I hope that this helps,
Z.

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Re: Seeking Ideas For The Next Fuel For The Boiler*updates on first page*

Post  ms_boo_dreadful on Mon Oct 13, 2008 11:26 am

now thats a good idea...hmmmm maybe a little fluerdelise maybe? thank you for the awesome recipes and please let anyone you think might be interested know we are accepting recipes and that the last book is free to download!
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Re: Seeking Ideas For The Next Fuel For The Boiler*updates on first page*

Post  elkedoring on Tue Oct 14, 2008 12:15 am

Huzzah! A second cookbook! I did sooo love the first one! Well. . .heres a few of my own odd recipies

Delightfully Easy Cheesy Bread
Simple and quick, this appetizer works great at last minutes parties!

several loaves bread ( I prefer an asiago cheese bread or a nice ciabata loaf)
1/2 lb mozzerella
1/2 lb parmesan
1/4 lb cheddar
1/4 lb muenster
8-10 oz ricotta
Butter

Preheat oven to 300-350 degrees.
Shread all of the block cheeses into a bowl then add ricotta cheese and mix.
Slice and butter the bread.
Spread cheese mixture onto bread and place on a pan.
Put in oven for 10 or so minutes or until cheese is melted.
Serve warm!

A nice additive to this mixture is minced garlic and onion.

An alternative way to serve it is to add milk to the cheese mixture, melt it down and serve it with bread chunks like fondue!
I may have more recipies as my brain thinks on it!

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Re: Seeking Ideas For The Next Fuel For The Boiler*updates on first page*

Post  KatarinaNavane on Tue Oct 14, 2008 2:03 am

Fruit cobblers. Old fashioned, simple, and delicious.
Fill baking dish with fruit of choice, leaving room for topping (peaches, apples (+cinnamon optional) blackberries, and pears (+nutmeg optional) are good)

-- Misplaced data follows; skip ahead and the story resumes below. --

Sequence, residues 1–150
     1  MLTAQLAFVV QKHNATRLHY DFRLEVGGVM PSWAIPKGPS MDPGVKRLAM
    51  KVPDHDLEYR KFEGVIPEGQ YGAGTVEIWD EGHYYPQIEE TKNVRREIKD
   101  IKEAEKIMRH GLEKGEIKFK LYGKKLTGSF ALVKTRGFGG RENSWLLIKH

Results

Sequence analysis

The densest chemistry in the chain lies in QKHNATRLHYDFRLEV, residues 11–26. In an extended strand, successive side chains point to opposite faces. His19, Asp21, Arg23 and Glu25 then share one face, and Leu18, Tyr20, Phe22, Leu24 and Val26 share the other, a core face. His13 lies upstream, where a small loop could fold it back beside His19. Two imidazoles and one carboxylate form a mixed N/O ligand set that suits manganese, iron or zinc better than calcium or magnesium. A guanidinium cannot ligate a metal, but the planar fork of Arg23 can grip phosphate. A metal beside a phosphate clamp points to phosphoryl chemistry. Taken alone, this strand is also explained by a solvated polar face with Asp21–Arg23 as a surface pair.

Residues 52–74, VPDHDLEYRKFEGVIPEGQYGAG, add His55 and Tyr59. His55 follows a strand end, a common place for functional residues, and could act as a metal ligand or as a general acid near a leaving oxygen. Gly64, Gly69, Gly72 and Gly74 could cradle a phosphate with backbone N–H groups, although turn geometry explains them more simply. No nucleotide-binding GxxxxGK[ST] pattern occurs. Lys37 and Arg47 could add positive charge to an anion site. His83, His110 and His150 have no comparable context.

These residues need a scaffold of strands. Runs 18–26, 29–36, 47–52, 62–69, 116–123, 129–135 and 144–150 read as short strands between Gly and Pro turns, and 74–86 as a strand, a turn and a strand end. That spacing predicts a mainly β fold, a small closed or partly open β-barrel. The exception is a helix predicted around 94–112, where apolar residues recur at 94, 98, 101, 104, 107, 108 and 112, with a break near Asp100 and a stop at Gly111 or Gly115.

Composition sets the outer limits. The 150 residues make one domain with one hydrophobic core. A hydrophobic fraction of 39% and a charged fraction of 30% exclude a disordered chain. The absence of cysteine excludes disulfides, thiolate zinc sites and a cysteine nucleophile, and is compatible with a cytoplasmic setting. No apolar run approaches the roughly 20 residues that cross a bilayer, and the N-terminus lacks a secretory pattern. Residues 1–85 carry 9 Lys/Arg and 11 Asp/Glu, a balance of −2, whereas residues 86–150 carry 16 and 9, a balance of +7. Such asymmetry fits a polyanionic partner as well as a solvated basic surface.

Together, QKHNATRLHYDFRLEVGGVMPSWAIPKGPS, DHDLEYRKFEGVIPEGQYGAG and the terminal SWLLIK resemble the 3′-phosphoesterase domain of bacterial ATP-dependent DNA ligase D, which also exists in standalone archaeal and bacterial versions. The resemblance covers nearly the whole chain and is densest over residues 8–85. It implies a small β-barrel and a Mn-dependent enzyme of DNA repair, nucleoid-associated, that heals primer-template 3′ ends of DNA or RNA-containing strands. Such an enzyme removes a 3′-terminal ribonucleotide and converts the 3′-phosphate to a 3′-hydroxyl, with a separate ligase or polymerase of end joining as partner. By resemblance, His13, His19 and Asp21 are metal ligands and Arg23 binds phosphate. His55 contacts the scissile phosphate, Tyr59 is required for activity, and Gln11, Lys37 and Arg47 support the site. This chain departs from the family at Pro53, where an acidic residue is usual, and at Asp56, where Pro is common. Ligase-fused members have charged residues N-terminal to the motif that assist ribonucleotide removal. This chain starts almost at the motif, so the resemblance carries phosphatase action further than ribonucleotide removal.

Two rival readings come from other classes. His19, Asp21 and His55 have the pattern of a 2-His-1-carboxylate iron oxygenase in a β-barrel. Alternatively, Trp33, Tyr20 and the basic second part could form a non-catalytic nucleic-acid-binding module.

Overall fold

topping: One cup flour, one cup sugar, and an egg (and optional a couple handfuls of oatmeal).

Stir together in a bowl 'till they're fairly even crumbles. Pour over the fruit and spread. Melt about half a stick of butter and drizzle on top. Bake until topping is golden brown.

...yeah, I'm not much of one for precision, but the recipe's not a very fussy one so it works out.
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Re: Seeking Ideas For The Next Fuel For The Boiler*updates on first page*

Post  Gazongola on Tue Oct 14, 2008 2:18 am

1 Egg White
450g (1lb) Icing Sugar
Peppermint Essence or Oil of Peppermint

Beat the egg white until frothy but not stiff.
Sieve the icing, adding enough to produce a fairly stiff mixture.
Add a few drops of the essence or oil.
Knead the mixture in to a firm paste and roll on surface dusted with sieved icing sugar.
Cut into rounds or form small balls and flatten.
Place the peppermint creams onto parchment or silicon paper, place in a warm place to dry for 24 hours.
Store in an airtight container.

As for others, lets see...

I've got:
Stewed Albatross
Dog Stewed and in Broth
Breadfruit and suchlike
Goat, Roast and Stewed
Gruel
Rats in Stew
Turtle soup
Fried celery
Jugged Pigeons

And a few others, but not quite as interesting.
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Re: Seeking Ideas For The Next Fuel For The Boiler*updates on first page*